Ministry of Power eliminates penalties for RE power delays
POWER & RENEWABLE ENERGY

Ministry of Power eliminates penalties for RE power delays

The Ministry of Power (MoP) has made revisions to the guidelines governing the tariff-based competitive bidding process for procuring firm and dispatchable renewable power from grid-connected solar, wind, wind-solar hybrid, and renewable energy projects with energy storage.

The updated guidelines eliminate the provision concerning punitive measures for delays in initiating power supply. Previously, if the power supply commencement exceeded the scheduled commercial operation date (SCOD) by up to six months, the generator faced penalties, including the encashment of the performance bank guarantee or alternative instruments on a per-day basis proportional to the contracted capacity not delivering power.

For delays surpassing six months from the SCOD, the contracted capacity was reduced to the project capacity that had initiated power supply within the SCOD plus six months. Consequently, the power purchase agreement (PPA) for the remaining contracted capacity, which had not commenced power supply, was terminated.

Under the prior guidelines, generators risked being debarred from participating in bids by any procurer or intermediary procurer for one year after the first default and for not less than two years and not more than three years for the second and subsequent defaults.

Typically, developers or power generators were expected to initiate power supply within 24 months from the PPA execution date for allocations not exceeding 1 GW and within 30 months for allocations exceeding 1 GW. However, the procurer now has the flexibility to adjust the SCOD period if needed.

Mercom Research suggests that this relaxation might result in delays in project installation and commissioning. In the previous year, the Ministry of New and Renewable Energy instructed public sector undertakings to blacklist renewable energy developers failing to complete projects within deadlines, with potential blacklisting spanning 3-5 years. During the second quarter of 2023, solar project delays and postponements led to a 46% decline in investments.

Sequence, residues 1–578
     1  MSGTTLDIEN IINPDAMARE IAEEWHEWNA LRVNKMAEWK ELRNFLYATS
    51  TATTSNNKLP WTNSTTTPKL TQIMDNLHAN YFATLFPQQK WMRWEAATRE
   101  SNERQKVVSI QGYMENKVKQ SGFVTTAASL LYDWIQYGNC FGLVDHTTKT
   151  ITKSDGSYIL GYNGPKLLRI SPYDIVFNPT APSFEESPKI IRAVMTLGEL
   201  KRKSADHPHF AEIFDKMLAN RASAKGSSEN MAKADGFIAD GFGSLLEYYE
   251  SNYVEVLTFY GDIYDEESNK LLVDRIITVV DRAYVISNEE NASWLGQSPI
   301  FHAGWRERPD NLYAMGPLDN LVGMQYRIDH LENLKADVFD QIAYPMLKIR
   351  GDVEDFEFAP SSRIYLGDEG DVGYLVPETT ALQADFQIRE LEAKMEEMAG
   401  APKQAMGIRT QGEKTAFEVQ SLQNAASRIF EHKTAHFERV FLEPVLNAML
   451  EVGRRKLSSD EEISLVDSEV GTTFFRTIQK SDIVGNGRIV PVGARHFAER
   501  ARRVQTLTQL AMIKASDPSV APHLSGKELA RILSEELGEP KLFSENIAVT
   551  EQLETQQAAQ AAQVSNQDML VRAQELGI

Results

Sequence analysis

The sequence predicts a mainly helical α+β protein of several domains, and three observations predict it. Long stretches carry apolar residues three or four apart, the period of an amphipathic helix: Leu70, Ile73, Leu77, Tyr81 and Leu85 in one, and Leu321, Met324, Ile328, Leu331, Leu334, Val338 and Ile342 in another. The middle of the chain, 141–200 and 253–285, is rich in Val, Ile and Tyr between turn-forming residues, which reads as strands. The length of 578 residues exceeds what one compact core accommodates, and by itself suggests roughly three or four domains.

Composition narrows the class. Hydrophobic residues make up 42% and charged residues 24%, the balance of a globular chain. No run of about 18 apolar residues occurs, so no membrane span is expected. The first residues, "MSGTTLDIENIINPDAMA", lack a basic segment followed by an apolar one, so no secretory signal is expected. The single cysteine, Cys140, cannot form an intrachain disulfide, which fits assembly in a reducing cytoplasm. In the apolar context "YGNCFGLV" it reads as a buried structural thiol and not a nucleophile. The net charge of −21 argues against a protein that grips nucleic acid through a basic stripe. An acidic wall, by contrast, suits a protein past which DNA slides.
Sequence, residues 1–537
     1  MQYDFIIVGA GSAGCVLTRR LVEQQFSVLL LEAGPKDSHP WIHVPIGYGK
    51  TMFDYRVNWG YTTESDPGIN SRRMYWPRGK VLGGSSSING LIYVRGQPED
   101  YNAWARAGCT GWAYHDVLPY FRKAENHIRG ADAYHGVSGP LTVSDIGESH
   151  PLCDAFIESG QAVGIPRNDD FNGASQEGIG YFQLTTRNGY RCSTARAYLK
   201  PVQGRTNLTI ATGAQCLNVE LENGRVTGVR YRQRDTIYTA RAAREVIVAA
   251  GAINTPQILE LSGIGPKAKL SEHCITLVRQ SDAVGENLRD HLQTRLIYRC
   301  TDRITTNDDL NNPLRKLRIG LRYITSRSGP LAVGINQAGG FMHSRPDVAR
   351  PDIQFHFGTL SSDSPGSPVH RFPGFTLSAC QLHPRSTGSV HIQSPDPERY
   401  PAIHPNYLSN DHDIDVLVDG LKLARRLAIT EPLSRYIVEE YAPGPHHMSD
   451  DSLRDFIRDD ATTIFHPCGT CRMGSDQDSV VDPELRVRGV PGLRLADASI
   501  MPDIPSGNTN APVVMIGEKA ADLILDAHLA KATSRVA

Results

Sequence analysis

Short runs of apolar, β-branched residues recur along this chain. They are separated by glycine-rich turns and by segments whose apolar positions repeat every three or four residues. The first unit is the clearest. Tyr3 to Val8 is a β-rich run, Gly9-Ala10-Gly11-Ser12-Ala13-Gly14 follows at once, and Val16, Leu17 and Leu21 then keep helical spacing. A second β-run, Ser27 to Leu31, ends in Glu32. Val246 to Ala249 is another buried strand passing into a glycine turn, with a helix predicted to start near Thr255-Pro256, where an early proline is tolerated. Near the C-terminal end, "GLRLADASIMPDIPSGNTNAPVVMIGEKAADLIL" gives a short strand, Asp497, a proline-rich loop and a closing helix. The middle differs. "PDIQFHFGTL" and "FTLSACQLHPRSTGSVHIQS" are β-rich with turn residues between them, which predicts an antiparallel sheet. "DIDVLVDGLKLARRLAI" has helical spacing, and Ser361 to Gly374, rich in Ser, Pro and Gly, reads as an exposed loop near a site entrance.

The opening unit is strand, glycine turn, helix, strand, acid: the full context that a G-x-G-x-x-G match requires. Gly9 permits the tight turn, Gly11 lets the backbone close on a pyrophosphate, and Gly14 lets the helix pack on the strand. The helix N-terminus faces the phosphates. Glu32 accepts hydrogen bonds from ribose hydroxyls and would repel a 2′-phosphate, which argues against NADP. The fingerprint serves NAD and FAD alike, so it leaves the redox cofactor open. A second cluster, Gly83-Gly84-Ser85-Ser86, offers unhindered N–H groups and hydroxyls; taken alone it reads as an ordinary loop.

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The Ministry of Power (MoP) has made revisions to the guidelines governing the tariff-based competitive bidding process for procuring firm and dispatchable renewable power from grid-connected solar, wind, wind-solar hybrid, and renewable energy projects with energy storage. The updated guidelines eliminate the provision concerning punitive measures for delays in initiating power supply. Previously, if the power supply commencement exceeded the scheduled commercial operation date (SCOD) by up to six months, the generator faced penalties, including the encashment of the performance bank guarantee or alternative instruments on a per-day basis proportional to the contracted capacity not delivering power. For delays surpassing six months from the SCOD, the contracted capacity was reduced to the project capacity that had initiated power supply within the SCOD plus six months. Consequently, the power purchase agreement (PPA) for the remaining contracted capacity, which had not commenced power supply, was terminated. Under the prior guidelines, generators risked being debarred from participating in bids by any procurer or intermediary procurer for one year after the first default and for not less than two years and not more than three years for the second and subsequent defaults. Typically, developers or power generators were expected to initiate power supply within 24 months from the PPA execution date for allocations not exceeding 1 GW and within 30 months for allocations exceeding 1 GW. However, the procurer now has the flexibility to adjust the SCOD period if needed. Mercom Research suggests that this relaxation might result in delays in project installation and commissioning. In the previous year, the Ministry of New and Renewable Energy instructed public sector undertakings to blacklist renewable energy developers failing to complete projects within deadlines, with potential blacklisting spanning 3-5 years. During the second quarter of 2023, solar project delays and postponements led to a 46% decline in investments.

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